What, you may be wondering, does the above have to do with Medjugorje?
The news has been all abuzz recently with Pope Francis’ recent revealing of the “guts” of the Ruini Commission’s findings. It was reported at the time that the Commission believed the first 7 apparitions were authentic, but not the later ones.
This morning, I read a news article dated July 23 (to which I shall not link lest I give any credibility to the site) that focused upon the Commission’s alleged recommendation that pilgrimages to Medjugorje be permitted. The July 23 article argued that if the Vatican had concerns about the later apparitions, then it would have to exercise caution about travel to Medjugorje.
The parallel lesson that I wish to make with Humanae Vitae is simple: don’t jump the gun. Consider the following:
- The Holy Father has issued no official judgment on Medjugorje,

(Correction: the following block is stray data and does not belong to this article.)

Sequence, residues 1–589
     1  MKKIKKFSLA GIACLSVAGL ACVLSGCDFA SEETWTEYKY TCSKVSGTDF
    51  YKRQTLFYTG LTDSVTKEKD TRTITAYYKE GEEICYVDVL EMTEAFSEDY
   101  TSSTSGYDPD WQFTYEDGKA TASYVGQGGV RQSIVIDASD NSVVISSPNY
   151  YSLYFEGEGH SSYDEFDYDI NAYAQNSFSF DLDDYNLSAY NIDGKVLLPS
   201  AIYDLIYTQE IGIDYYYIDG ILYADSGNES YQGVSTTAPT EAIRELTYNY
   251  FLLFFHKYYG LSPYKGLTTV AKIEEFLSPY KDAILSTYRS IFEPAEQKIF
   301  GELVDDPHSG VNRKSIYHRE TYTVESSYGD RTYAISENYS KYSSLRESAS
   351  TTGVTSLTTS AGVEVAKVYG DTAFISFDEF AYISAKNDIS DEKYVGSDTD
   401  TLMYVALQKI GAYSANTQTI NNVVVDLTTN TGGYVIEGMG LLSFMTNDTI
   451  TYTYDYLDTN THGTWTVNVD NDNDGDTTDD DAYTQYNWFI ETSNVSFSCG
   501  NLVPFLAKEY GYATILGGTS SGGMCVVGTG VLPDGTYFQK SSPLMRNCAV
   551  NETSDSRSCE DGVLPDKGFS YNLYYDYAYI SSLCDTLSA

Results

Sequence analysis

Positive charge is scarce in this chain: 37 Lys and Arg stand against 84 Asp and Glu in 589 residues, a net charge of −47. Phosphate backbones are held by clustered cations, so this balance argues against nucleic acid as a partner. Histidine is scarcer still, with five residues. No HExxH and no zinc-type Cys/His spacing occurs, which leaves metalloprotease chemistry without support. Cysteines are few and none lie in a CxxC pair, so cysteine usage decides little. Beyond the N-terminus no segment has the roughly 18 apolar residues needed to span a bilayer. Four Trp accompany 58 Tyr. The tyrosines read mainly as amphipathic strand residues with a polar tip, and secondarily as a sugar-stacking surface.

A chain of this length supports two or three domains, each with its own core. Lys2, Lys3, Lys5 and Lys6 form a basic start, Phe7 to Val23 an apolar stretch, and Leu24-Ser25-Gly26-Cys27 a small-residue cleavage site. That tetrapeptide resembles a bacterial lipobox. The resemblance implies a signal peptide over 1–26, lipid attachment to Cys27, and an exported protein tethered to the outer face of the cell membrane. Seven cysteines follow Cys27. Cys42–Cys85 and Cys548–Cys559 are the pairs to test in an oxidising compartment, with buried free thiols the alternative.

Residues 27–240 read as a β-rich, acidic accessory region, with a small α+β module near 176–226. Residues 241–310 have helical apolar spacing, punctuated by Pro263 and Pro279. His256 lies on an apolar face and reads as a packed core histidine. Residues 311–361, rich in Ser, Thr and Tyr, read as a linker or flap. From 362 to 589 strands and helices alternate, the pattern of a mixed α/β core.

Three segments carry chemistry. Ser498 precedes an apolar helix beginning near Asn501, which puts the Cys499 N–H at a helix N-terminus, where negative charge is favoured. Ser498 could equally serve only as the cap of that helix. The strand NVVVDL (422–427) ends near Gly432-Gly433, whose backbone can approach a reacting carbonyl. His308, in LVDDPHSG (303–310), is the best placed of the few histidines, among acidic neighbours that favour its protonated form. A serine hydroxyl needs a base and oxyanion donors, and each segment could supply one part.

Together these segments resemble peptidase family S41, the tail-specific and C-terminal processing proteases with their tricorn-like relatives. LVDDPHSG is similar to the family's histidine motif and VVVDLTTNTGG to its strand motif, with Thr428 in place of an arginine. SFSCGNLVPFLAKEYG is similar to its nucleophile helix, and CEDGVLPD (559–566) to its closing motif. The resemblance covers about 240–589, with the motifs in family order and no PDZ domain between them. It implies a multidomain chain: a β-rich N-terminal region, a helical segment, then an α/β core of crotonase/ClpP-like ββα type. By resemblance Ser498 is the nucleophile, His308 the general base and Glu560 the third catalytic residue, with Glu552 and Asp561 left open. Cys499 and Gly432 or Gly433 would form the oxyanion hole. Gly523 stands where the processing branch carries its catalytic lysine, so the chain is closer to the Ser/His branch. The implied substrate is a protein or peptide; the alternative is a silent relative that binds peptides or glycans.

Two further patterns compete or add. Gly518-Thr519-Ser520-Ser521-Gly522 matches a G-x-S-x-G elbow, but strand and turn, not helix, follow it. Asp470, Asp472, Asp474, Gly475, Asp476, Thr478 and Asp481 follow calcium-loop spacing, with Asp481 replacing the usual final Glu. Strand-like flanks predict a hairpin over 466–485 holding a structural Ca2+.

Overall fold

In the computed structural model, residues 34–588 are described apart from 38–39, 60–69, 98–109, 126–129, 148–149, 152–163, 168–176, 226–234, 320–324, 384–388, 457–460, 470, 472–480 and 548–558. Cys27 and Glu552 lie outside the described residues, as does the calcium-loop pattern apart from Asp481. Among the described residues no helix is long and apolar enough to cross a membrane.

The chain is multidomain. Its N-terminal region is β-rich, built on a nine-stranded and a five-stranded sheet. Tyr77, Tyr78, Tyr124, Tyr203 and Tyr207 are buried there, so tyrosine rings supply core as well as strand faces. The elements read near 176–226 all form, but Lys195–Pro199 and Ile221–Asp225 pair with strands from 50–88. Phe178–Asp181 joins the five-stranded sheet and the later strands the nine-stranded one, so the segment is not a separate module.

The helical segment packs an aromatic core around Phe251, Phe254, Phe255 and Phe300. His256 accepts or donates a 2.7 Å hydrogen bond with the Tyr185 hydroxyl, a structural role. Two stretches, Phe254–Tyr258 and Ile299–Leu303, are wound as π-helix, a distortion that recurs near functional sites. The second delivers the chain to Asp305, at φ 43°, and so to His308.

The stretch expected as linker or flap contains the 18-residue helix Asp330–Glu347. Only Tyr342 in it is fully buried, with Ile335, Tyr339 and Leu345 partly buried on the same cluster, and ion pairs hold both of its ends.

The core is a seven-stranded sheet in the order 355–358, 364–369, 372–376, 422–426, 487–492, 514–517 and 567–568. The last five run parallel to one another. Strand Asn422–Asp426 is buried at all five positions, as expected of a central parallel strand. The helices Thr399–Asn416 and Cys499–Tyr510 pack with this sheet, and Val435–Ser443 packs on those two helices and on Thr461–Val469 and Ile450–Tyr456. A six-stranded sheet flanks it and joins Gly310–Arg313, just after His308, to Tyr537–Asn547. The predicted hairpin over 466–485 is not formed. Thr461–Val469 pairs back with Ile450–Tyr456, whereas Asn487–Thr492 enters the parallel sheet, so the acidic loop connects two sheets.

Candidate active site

- The 1991 Zadar Declaration is still in effect,
- Pilgrimages that presume a supernatural origin to the Medjugorje phenomenon are still not allowed.
We are Catholics, bound to obedience. If we violate that obedience then we sin and could very well imperil our eternal salvation. At the very least, we displease Our Lord Jesus Christ who we claim to serve.
Let us remember what Our Lady said at Fátima:
“Do not offend our Lord God any more, for He is already much offended.”
-Kevin J. Symonds
Hello everyone and happy Sunday!
The other day I saw a particularly strong, dare I say provocative, article on Medjugorje entitled On the Medjugorje Zealots or how the ‘Gospa’ Contradicts the Madonna. The parish vicar of Medjugorje, Fr. Karlo Lovrić, wrote a reply, which I also read.